Hazard and its Preventive Method in Fruit and Vegetable Processing Industry

In developing countries agriculture is the mainstay of the economy. There should be no surprise that agricultural industries and related activities can account for a considerable proportion of their output. Of various types of activities that can be termed as agriculture based, fruits and vegetable processing are among the most important. Fruits and vegetables, which are among the perishable commodities, are important ingredient in human diet. Due to their high nutritive value, they make significant nutritional contribution to human well-being. They are cheaper and better source of protective foods. These contain non-nutritive secondary metabolites known as phytochemicals that have disease-fighting properties. Some of these phytochemicals are polyphenols, pigments (e.g., carotenoids) and glucosinolates.

Fruit and vegetable production and processing involve a complex supply chain from the farm to fork. From many points of view, it is of great importance to strengthen each link in the chain and improve the integration of the supply chain if high quality and safety of produce must be maintained. International trade of fresh fruits and vegetables is a billion-dollar business that has significantly increased in the last decade. This trade is important also from a safety viewpoint, and involves (primary) producers, manufacturers, distributors, and retailers who place a great deal of value on their reputation for marketing naturally delicious and nutritious products. Safety of fruits and vegetables starts with agriculture and primary production. One major factor leading to food contamination during food preparation and storage is time–temperature abuse, which results in the survival, growth, and production of toxins by pathogens. In recent decades, microbial safety has become a concern and a series of large foodborne outbreaks has occurred around the world. The situation is more alarming due to several population explosion, urbanization and changes in lifestyle, consumption of, so-called, minimal processed ready-to-eat foods, international trade in food and animal feed, international tourism and immigration, and a short supply of potable drinking water.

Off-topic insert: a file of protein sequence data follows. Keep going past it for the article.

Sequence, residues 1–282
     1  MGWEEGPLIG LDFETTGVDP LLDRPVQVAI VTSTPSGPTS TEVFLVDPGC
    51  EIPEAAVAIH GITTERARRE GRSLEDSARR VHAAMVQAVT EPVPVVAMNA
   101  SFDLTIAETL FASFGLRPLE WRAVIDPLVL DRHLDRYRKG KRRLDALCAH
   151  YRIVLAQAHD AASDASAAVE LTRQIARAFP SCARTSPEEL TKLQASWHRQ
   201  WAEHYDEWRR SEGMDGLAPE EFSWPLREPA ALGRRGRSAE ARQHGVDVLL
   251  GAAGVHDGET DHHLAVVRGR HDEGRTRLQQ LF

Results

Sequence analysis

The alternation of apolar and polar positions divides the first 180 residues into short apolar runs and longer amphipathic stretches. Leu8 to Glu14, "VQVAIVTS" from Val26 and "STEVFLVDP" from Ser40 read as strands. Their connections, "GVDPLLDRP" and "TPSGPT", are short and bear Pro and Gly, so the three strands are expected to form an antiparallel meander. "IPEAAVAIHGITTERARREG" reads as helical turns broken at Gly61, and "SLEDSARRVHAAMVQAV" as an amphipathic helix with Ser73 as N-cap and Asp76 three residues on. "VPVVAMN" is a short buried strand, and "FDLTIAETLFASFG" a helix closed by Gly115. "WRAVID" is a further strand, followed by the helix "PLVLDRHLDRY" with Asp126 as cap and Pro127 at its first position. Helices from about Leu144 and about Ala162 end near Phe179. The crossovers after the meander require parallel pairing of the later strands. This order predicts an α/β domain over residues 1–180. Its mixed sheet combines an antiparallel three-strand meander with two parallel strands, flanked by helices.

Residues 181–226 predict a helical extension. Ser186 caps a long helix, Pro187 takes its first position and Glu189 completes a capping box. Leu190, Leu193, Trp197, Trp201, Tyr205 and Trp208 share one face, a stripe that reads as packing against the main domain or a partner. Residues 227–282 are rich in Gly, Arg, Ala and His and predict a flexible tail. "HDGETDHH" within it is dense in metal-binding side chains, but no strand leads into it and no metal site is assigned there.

1. Types of Hazards

Fruit and vegetable contamination problems can occur in the growing environment, after harvest, during preparation for storage and processing, shipping to the market and in the home. Many hazards may enter the food supply, making the food potentially harmful when consumed. They can cause injury or illness in the absence of their control. These foodborne hazards could be divided into three categories: biological, chemical, or physical.


  1. Biological Hazard